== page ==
Module 4 Chapter 5: Introduction to 5 Statistical Analysis Approaches
Prior modules and chapters laid the groundwork for understanding the application of inferential statistics approaches commonly used to evaluate research hypotheses based on quantitative data. Inferential statistics may answer either univariate or bivariate hypotheses.
In this chapter, you will learn about:
 Specific statistical approaches for testing hypotheses (parametric tests of significance)

 onesamplettest
 independent samples ttest
 oneway analysis of variance (Anova) test
 chisquare test of independence
 correlation test

 Approaches to consider when data are not normally distributed (nonparametric options)
What These Tests Have in Common
The five statistical analysis approaches presented here have several things in common. First, they each are based on a set of assumptions and/or have specific requirements related to the type of data analyzed. Second, with the exception of the chisquare test of independence, they rely on assumptions related to normal distribution in the population on at least one variable. Third, they all assume that the sample was randomly (properly) drawn from the population, and therefore are representative of the population. These last two factors characterize these are parametric tests (nonparametric tests are briefly discussed at the end of this chapter). For each of the statistical approaches, the task involves computing a test statistic based on the sample data, then comparing that computed statistic to a criterion value based on the appropriate distribution (tdistribution, Fdistribution, χ^{2 }distribution, or correlations). This comparison leads the investigator to either reject or fail to reject the null hypothesis.
One Sample tTest
One of the simplest statistical tests to begin with allows investigators to draw conclusions based on a single group’s data about whether the population mean for the group is different from some known or expected standard mean value. For example, the standard IQ test has a mean value of 100—the test is designed so that the population is approximately normally distributed for IQ around this mean. Imagine that an investigator has concerns that a specific group in the population—perhaps children living in rental households—has a mean IQ significantly different from that standard mean of 100. In theory, this could happen from children being exposed to environmental toxins, such as lead in drinking/cooking water, and ingesting particles contaminated by leadbased paint or playground soil contaminated from heavy traffic where lead was once in the gasoline of cars driving in the area.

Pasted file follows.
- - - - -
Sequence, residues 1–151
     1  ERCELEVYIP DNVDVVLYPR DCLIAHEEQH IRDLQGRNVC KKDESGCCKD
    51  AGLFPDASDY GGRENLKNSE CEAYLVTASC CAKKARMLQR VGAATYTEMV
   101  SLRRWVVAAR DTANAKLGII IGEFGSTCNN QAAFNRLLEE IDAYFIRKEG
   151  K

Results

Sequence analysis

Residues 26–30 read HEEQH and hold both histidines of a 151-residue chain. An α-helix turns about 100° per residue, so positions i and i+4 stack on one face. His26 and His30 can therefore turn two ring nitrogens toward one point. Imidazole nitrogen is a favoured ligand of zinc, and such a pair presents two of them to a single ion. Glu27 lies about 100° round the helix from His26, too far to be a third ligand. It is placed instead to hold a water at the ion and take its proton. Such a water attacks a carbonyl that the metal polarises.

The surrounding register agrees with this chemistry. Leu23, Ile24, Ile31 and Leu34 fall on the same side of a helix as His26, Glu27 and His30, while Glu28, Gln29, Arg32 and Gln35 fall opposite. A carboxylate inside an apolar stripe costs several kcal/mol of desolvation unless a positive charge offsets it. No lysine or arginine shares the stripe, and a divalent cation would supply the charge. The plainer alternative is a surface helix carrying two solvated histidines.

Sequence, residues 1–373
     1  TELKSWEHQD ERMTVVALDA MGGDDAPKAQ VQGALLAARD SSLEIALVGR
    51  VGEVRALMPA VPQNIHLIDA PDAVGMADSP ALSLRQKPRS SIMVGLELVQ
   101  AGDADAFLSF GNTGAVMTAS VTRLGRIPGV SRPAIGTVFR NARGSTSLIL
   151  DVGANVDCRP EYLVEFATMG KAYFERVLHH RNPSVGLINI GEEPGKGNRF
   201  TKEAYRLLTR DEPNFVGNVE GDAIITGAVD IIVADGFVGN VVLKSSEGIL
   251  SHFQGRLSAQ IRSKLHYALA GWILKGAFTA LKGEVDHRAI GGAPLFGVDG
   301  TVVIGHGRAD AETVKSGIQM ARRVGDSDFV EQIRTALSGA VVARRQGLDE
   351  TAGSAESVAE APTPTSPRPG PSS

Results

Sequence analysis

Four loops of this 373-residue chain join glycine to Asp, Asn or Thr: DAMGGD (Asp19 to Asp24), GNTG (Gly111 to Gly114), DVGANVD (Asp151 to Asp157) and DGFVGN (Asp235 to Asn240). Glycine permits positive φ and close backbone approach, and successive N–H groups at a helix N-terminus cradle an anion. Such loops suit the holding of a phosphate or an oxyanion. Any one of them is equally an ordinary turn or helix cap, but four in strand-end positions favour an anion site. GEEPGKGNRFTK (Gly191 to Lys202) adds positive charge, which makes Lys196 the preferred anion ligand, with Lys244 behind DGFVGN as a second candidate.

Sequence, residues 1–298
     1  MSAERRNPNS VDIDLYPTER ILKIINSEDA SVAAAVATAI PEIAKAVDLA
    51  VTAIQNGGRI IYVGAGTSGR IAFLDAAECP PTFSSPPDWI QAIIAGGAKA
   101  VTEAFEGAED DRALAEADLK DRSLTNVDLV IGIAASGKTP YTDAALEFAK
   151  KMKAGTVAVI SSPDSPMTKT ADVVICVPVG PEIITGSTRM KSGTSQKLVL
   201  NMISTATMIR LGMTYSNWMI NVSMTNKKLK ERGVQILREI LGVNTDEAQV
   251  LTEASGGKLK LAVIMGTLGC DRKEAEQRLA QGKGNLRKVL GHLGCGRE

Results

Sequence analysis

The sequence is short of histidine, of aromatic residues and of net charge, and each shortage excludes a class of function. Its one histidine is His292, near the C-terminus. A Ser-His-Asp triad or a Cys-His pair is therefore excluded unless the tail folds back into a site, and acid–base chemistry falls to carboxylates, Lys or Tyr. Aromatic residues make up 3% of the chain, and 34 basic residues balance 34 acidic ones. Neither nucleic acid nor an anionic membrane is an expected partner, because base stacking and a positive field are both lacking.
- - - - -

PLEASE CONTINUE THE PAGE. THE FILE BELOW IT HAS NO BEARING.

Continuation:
Test Purpose: Assess the probability that the population subgroup’s mean IQ differs from the standard population mean of 100.
Test H_{0}: The group’s mean IQ is not significantly different from 100.
Type of Data: IQ scores are interval data.
Test Assumptions and Other Test Requirements: The univariate onesample ttest is based on the following assumptions and requirements.
 Type of Variable: The scale of measurement is either ordinal or continuous (interval).
 Normal Distribution: The dependent variable is normally distributed in the population, or a sufficiently large sample size was drawn to allow approximation of the normal distribution.
 Independent Observations: Individuals in the sample are independent of each other—random selection indicates that the chances of one being sampled are independent of the chances for any other being sampled.
The test statistic: The ttest analysis is based on the tdistribution. The tstatistic is computed by first subtracting from the sample mean (X̅) the comparison value called “delta” (delta is indicated by the symbol Δ, which in our example has Δ = 100), then dividing this resulting value by the value computed as the sample’s standard deviation (s) multiplied by a fraction with 1 divided by the square root of the sample size. The formula looks like this:
t_{(df)}= (X̅ – Δ)/[(s) * 1/√n)]
It should remind you somewhat of the formula we saw back in Chapter 3 for the 95% confidence interval using the tvalue—we are using the same components of sample mean (X̅), tvalue, standard deviation (s), and the square root of the sample size (√n):